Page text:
Fancy a Wilde night out complete with champagne and absinthe, both of which were steady favourites of Oscar?
Stepping into Oscar Wilde on West 27th Street of Manhattan, one can’t help but notice the lavish features that present the fabric, art and culture of the Victorian era, including two statues of Oscar Wilde, to whom the bar is dedicated.
Set for opening later this month, this upcoming exciting historical experience is located in the NoMad neighbourhood.
The homage-slash-watering-hole was established by long-time Irish immigrants Frank McCole and Tommy Burke of Lillie’s Victorian Establishment, two restaurant-bars named after renowned Victorian-era actress Lillie Langtry.
According to Burke, the concept of honouring the pride of their homeland came naturally. Like many young Irish of the time, they grew up fans of the author and playwright Wilde – who was, coincidentally, good friends with the duo’s other muse Langtry, back in the day.
They set out to renovate the 5,700-square-foot space, which also holds an exciting history as the city’s Prohibition Enforcement Headquarters.
Now, antique fireplaces, 19th-century Italian floral glass panels and wood-plank flooring with porcelain inlay are among the stunning design features. All of this cost a cool $4 million.
Other notable fixtures include a serpentine Carrera- marble top supported by a series of white marble lions carved in Vietnam, and several clocks, including the prized 1800’s standing clock, and 24 small time pieces flown in from the British Isles.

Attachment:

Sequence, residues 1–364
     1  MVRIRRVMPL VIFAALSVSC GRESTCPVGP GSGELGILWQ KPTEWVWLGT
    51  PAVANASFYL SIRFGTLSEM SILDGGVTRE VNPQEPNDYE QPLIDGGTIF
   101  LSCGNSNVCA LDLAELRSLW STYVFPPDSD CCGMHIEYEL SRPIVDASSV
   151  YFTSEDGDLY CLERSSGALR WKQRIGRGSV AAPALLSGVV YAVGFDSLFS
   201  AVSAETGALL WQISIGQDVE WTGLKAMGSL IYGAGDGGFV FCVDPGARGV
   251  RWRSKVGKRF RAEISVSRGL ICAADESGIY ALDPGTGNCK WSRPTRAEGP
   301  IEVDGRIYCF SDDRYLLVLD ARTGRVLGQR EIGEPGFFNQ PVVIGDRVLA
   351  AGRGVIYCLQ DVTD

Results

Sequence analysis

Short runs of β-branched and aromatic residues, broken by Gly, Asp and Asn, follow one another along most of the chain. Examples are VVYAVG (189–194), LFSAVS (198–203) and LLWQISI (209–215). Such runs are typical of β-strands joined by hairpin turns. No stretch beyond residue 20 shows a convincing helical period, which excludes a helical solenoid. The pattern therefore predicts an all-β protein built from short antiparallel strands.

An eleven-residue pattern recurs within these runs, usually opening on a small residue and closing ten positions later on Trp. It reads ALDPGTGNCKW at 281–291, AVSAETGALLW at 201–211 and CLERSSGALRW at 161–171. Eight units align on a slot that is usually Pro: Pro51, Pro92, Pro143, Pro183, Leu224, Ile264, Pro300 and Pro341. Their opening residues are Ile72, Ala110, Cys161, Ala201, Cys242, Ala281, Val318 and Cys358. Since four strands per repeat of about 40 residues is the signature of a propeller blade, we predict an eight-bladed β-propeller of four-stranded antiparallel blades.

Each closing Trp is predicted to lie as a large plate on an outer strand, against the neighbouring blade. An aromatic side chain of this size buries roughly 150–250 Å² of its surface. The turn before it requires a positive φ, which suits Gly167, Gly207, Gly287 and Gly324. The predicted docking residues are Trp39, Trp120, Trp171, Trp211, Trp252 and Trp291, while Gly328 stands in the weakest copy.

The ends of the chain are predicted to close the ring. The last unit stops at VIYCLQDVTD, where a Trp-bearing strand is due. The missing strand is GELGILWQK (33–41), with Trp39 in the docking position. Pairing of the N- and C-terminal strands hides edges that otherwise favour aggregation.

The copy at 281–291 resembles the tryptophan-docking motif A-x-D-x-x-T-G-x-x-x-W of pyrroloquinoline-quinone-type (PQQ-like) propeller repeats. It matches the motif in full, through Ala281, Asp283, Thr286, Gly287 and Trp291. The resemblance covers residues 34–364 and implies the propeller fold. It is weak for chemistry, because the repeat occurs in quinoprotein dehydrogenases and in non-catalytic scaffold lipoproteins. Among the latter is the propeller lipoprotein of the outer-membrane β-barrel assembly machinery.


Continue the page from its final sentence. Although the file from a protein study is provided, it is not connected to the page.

At 120 feet, the bar is not only the longest continuous bar in Manhattan, but the city of New York.
The space carries the spirit of the author in quirky details, such as the purposeful setting of all clocks to 1:50 pm – the time of Oscar’s final act.
If you’re ever in Manhattan once Oscar Wilde opens, you simply can’t miss the clever cocktails that are a clear nod to Victorian and Prohibition eras. The bar’s signature cocktail is dubbed Oscar Wilde’s Potent Elixir, delivering what its name promises with a concoction of cognac, gin, cassis, lavender, champagne, orange zest, and another pride of Ireland – Guinness.
If you prefer, you can drink in the history and culture with glasses of champagne and absinthe, both of which were steady favourites of Wilde.
Images courtesy of Sai Mokhtari/Gothamist.